Months after it released a streetwear-inspired hoodie with Adidas and Stella McCartney based on its NuCycl technology, textile innovator Evrnu closed a $9.1 million Series A funding round that brings its total funding to $11.7 million and will further the startup’s ambitions to make regenerative fiber technologies the new normal in apparel production.
Evrnu has developed a patent-pending process that converts clothing and textile waste into new fabric, reducing fashion’s reliance on virgin materials like cotton and polyester while also preventing discarded garments from reaching a dead end in the traditional waste stream. The Seattle-based company believes it can save billions of dollars of clothing and fabrics from piling up in landfills.
“Christo, my business partner, and I built Evrnu to solve a major problem in the textile and apparel industry—waste,” Stacy Flynn, Evrnu co-founder and CEO, said. “Evrnu technologies are designed to extract maximum value from post-consumer textile waste, allowing supply chain partners to create premium textiles made from recycled materials with no loss in performance and quality.”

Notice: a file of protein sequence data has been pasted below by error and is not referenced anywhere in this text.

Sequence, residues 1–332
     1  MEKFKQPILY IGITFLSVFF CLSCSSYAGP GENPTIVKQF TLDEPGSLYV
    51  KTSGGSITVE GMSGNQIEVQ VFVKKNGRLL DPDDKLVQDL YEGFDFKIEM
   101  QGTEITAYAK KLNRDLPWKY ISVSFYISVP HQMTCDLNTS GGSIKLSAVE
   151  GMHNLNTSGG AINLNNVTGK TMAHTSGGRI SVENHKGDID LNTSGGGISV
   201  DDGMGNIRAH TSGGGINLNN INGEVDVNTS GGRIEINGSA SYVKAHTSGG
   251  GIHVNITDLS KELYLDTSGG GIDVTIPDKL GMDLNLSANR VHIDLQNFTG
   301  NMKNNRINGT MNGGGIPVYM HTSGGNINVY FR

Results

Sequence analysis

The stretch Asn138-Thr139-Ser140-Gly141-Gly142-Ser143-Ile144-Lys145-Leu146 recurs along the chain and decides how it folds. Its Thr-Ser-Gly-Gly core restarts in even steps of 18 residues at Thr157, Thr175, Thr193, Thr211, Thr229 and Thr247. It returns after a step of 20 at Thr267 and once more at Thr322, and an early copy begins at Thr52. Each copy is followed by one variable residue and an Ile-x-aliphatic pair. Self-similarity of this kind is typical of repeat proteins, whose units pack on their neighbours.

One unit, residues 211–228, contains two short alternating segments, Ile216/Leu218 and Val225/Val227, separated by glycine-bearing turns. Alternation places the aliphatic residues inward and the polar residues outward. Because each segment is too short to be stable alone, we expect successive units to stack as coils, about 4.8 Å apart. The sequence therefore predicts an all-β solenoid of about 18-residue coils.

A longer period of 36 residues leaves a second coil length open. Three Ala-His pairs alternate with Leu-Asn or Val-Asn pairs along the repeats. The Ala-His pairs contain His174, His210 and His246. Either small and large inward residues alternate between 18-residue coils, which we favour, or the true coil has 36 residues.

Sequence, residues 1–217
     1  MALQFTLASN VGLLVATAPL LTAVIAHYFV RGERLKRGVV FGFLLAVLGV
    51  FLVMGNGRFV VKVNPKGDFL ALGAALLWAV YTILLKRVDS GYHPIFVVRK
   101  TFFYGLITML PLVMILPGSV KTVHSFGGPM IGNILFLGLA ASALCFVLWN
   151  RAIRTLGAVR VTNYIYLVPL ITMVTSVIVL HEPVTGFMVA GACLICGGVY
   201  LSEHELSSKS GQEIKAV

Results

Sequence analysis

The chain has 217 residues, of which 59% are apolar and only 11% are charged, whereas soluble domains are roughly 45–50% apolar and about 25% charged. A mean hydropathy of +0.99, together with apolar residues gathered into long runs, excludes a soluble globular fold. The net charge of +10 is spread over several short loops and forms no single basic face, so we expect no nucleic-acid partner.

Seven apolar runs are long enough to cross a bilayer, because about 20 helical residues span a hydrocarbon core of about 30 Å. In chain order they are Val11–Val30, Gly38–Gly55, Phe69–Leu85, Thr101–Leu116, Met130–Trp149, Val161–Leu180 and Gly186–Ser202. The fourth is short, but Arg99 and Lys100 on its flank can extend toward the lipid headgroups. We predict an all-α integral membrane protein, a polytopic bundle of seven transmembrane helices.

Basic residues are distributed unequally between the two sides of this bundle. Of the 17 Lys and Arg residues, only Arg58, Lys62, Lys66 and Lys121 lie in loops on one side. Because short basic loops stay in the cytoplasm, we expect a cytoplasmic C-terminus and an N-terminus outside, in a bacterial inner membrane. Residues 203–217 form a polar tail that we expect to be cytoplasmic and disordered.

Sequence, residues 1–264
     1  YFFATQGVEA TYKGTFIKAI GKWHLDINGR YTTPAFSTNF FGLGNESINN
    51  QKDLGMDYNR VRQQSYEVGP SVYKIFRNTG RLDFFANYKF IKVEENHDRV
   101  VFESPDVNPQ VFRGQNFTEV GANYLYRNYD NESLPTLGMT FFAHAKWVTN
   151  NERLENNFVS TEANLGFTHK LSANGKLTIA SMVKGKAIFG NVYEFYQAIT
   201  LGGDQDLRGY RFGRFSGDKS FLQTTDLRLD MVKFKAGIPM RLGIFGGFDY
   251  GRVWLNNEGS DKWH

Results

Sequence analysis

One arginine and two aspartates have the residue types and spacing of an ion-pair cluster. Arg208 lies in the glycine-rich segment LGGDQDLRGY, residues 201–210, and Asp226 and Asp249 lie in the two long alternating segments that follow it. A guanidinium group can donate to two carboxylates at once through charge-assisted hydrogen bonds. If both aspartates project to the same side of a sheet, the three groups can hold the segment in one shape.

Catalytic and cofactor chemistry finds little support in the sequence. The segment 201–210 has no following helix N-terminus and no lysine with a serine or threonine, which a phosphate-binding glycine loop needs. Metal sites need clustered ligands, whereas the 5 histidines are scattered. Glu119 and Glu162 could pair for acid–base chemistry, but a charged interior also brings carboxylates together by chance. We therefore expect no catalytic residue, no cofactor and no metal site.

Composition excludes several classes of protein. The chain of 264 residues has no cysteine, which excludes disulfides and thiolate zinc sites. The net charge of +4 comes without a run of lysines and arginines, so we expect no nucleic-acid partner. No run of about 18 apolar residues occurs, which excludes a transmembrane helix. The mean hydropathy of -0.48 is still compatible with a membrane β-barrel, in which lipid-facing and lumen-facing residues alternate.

Radicle Impact, an investment fund that also has plant-based egg substitute Just and healthy juice brand Forager in its portfolio, led Evrnu’s Series A, which was joined by Twynam Investments Pty Ltd, Plum Alley Investments, The Mills Fabrica Fund and Giant Leap Fund, in addition to existing investors Closed Loop Partners, CycleEffect Regenerative Ventures, Future Tech Lab, and Magic Hour.
“Evrnu allows the world to extend the life of precious resources of cotton and polyester, as well as the amount of textile waste sent to landfills every year,” Kat Taylor, Radicle Impact co-founder said of the startup’s “work to radically transform the apparel and textile industry.” Like other companies in Radicle’s portfolio, Evrnu makes a product that advances environmental benefits even as it retools fashion for a sustainable future.
Rather than forcing change into the industry, the startup licenses its technologies to stakeholders in the apparel and textile supply chain, and will use some of its new funding to scale this licensing model by 2020, the company said. Evrnu estimates that its work could ameliorate the $500 billion worth of garments and textiles burned or cast off each year by disassembling fabrics at the molecular level and regenerating them for multiple re-uses.
Beyond its NuCycl launch with Adidas and Stella McCartney, Evrnu has used the NuCycl technology to develop custom fibers, yarns and fabrics for denim giant Levi’s, with Target to follow, it said. Evrnu plans to makes its technologies commercially available to brand and retail partners in the next two years, it added.